Oregon LCB#8491 • 489 NW Creswell Lane, Albany, Oregon • 541-223-8555
Bamboo Grower and Landscape Contractor

About Us
Contact Us
Our Bamboo Varieties

About Us
     The Business

     Dain Sansome, Owner
     Our Bamboo Overview
     Contact Us
About Bamboo
     General Information

     Running bamboos
     Timber bamboo
     Privacy Screens

     Clumping bamboos
Running Bamboos
     Phyllostachys atrovaginata

              (Incense Bamboo)
     Phyllostachys aurea
(Fish Pole or Golden Bamboo)
     Phyllostachys aureosulcata

     Phyllostachys bambusoides
(Japanese Timber Bamboo)
     Phyllostachys bambusoides

     Phyllostachys dulcis
(Sweetshoot Bamboo)
     Phyllostachys edulis
     Phyllostachys heteroclada
(Water Bamboo)
     Phyllostachys nigra
(Black Bamboo)
     Phyllostachys nigra ‘Bory’
(Tiger Bamboo)
     Phyllostachys nigra ‘Henon’
     Phyllostachys vivax
(Chinese Timber Bamboo)
     Qiongzhuea tumidissinoda
(Chinese Walking Stick Bamboo)

Clumping Bamboos
     Fargesia robusta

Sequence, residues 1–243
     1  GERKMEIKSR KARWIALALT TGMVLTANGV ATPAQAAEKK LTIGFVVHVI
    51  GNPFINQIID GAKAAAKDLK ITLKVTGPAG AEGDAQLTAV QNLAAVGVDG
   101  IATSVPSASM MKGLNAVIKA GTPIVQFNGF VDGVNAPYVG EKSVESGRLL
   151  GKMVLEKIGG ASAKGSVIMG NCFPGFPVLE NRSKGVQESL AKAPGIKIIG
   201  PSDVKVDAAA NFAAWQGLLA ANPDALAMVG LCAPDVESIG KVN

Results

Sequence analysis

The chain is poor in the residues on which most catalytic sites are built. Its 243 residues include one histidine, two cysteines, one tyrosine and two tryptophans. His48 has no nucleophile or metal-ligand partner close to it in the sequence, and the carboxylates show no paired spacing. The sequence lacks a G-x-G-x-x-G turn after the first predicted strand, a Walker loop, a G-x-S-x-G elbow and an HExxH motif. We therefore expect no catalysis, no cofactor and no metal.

Services and Projects
     Design and consultation

     Bamboo control service
     Stump grinding



Bamboo FAQs (Frequently Asked Questions)
     Landscaping with bamboo

     Selecting your bamboos
     Planting, care, and control of
              your bamboos


Driving directions to Bamboo Valley
              in Albany, Oregon

printable versionPrint this page

         Qiongzhuea tumidissinoda

Other names: "Chinese Walking Stick Bamboo," "Tumidissinoda"

Statistics:  Height:  20 feet   Diameter:  1 inch

Tumidissinoda is a fascinating and bizarre bamboo.  Tumi is Latin for "bulging" and that is exactly this bamboo's claim to fame.  The nodes are greatly swollen and resemble flying saucers or Frisbees.  It grows to about 20 feet tall.  The tiny leaves are reminiscent of Moso, and its overall form is quite beautiful.  The shoots look much like those of Fargesia robustathey're reddish, and fuzzy.  Tumidissinoda, once extremely rare and expensive, is becoming more common.  Give it space, as it is a very aggressive runner.  Tumidissinoda makes very unusual walking sticks.

Fuzzy reddish shoots emerge in April.

The bulging nodes are fun!

Tumi's wispy new shoos bend gracefully.

A yard planting of Tumidissinoda.  The delicate foliage--nice!

Close up of the bulge at the node.

Another yard planting.

New shoots pushing out new leaves.

Copyright 2015 Bamboo Valley  •  All Rights Reserved
About Us | Site Map | Privacy Policy | Terms of Use | Contact Us
Bamboo Valley 541-223-8555
Last Modified on 01/28/2015